Our Vegetable Gardening Guide for Beginners will help you to plan and grow your tastiest vegetables ever.Find out how much food you need to grow to feed a family, top 10 vegetables for a beginner, and more tips.Why garden, you ask?A sub-par location can result in sub-par veggies!Here are some tips for a good-size beginner vegetable garden that can feed a family of four for one summer, with a little leftover for canning and freezing (or giving away to jealous neighbors).Remember that tomatoes and zucchinis are growing in the middle of summer.Seed packets are less expensive than individual plants, but if seeds don’t germinate, your money—and time—are wasted.But if you plant to grow a full garden, you need to consider:.Where each vegetable will go?When each vegetable needs to be planted.There are “cool-season” veggies that grow in spring (eq, lettuce, spinach, root veggies) and “warm-season” veggies that aren’t planted until the soil warms up (eq, tomatoes, peppers).Plant cool-season crops after spring frost and then plant warm-season crops in the same area later in the season.Plant tall veggies (such as pole beans or a trellis or sweet corn) on the north side of the garden so they don’t shade shorter plants.If you do get shade in a part of your garden, save that area for small cool-season veggies.You don’t want plant all your lettuce seeds at the same time or all that lettuce needs to be harvested around the same time!When to plant what?Over time, you’ll see that this tool also provides “crop rotation” so that if you plan a second season, you properly re-position your plants to avoid pests and disease. .

How to Plan a Vegetable Garden: A Step-by-Step Guide

New Gardens.When planning a vegetable garden it’s all too easy to jump in with both feet and try to grow as much as possible in the first year.In general it’s a good idea to define garden beds 4 feet (1.2m) wide and as long as you want them to be with a 2 foot (60cm) path between them.Mix up plants to confuse pests: Large areas of a single crop (or a single crop family) attract pests whereas mixed planting can confuse them.See our article on Common Sense Companion Planting for details.Consider Shade and Support: Tall plants can shade others or can be used to offer support to others e.g. climbing beans can grow up sweet corn.Step-By-Step Planning.With these general principles in mind here are my recommendations for placing plants in a new vegetable garden:.Gardening is both an art and a science and it’s that tension that is at the root of the confusion for many new gardeners.However, that still allows for a lot of different possibilities and the art is in placing plants in a way that makes best use of your space without breaking any of the rules.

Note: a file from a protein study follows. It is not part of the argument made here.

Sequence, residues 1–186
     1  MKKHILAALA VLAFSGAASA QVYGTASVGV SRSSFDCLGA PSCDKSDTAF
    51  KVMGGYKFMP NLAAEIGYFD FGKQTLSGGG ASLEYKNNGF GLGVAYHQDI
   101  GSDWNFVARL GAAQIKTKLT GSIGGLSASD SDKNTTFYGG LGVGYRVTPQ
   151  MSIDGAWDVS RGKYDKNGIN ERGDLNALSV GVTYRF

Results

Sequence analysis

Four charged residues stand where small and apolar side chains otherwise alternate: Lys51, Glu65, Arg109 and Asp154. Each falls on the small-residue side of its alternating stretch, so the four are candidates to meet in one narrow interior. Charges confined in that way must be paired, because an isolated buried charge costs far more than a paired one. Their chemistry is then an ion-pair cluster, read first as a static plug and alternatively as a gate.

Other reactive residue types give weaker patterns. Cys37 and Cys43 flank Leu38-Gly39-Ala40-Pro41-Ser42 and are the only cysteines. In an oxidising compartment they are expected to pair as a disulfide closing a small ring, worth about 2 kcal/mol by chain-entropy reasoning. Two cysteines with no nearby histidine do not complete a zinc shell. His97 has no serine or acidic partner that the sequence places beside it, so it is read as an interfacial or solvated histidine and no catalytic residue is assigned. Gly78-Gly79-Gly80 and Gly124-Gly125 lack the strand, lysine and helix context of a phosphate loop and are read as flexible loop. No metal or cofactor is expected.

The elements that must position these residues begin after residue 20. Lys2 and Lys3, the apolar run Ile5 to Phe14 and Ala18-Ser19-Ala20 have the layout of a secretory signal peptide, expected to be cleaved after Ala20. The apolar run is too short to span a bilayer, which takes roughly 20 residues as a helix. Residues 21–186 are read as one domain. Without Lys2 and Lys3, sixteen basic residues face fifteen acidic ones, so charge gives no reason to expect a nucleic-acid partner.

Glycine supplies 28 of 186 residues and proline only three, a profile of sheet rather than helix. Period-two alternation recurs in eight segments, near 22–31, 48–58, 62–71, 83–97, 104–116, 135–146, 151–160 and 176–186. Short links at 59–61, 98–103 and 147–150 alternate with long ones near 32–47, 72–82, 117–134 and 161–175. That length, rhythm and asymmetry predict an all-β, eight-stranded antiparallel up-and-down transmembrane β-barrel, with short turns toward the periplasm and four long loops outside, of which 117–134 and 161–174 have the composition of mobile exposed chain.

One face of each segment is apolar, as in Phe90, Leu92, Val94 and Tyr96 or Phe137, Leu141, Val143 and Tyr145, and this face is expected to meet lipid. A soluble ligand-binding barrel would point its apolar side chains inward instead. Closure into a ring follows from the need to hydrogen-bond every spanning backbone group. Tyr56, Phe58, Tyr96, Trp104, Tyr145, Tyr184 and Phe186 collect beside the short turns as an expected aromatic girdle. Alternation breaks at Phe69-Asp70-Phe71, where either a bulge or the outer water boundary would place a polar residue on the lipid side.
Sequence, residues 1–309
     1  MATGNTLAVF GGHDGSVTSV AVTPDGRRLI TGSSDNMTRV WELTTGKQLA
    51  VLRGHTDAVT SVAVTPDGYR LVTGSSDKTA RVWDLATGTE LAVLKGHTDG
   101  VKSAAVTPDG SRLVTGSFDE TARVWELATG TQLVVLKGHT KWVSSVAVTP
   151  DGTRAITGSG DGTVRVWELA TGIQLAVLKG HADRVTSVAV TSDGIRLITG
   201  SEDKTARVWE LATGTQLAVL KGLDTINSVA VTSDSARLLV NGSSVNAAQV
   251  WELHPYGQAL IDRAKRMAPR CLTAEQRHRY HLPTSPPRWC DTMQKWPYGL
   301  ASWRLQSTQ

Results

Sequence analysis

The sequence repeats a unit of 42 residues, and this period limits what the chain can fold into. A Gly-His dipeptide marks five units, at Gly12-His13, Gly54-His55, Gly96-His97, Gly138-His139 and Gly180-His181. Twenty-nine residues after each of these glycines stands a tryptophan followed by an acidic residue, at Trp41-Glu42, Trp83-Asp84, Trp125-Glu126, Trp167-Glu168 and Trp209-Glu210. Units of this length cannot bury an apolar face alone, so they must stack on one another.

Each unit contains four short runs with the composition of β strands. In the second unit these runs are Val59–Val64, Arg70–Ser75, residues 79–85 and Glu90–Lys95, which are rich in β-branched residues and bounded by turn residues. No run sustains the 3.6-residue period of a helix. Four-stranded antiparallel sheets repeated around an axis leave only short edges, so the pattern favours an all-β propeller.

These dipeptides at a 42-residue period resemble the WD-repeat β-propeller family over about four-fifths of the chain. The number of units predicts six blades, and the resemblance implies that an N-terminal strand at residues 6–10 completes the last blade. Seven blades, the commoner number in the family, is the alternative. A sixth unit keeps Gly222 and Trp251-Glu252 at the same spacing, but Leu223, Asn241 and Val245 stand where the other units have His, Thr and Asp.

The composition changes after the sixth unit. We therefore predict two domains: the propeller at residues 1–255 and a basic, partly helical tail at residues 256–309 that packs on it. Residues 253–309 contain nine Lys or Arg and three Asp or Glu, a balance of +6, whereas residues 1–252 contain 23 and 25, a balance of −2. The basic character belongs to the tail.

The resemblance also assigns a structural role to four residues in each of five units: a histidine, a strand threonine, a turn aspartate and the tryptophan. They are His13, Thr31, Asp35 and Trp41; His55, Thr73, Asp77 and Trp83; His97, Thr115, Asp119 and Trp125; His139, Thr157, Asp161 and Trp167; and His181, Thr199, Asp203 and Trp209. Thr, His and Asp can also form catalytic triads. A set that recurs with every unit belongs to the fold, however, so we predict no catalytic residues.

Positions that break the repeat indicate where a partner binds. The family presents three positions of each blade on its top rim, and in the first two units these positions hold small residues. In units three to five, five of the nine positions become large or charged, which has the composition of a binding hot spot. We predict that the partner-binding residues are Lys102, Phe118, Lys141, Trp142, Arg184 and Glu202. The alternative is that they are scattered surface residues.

How Vegetable Gardens Are Making Huge Health Strides in South

Patients in South Africa are digging their way to better health in an innovative vegetable garden program that Project HOPE is pioneering to combat non-communicable diseases like diabetes, high cholesterol, and hypertension.“Through the monthly support group sessions I’ve committed to attending, we learn how to manage the garden and our diets.Not only does the vegetable garden teach and support the patients, Patricia Van Wyk, the municipal ward councilor for the residential area around the clinic, found the garden initiative to be a useful platform to teach other community members new skills necessary to ensure food security and income generation. .

7 Steps to Start Your Own Vegetable Garden

Check your sunlight and soil.Decide what kind of vegetables you want to plant.There are four types of gardens you can choose from; traditional, raised bed, or residential greenhouse.You might choose this type of garden if your soil is not right for the garden that you want to plant.They are also great for growing deep root vegetables like carrots and beets!You build a garden by putting one plant in each container.You can grow nearly any vegetable in a container garden you just need to make sure you have the right size container.Large viney plants or deep rooted vegetables (like tomatoes, carrots, beets, or cucumbers) need at least a 5 gallon container.You need to make sure that you plant the garden after the last frost so that your plants will grow all spring and summer!You now have all the steps you need to start your first garden!Now get out there and plant! .

No Dig Gardening, Sustainable Gardening With Less Effort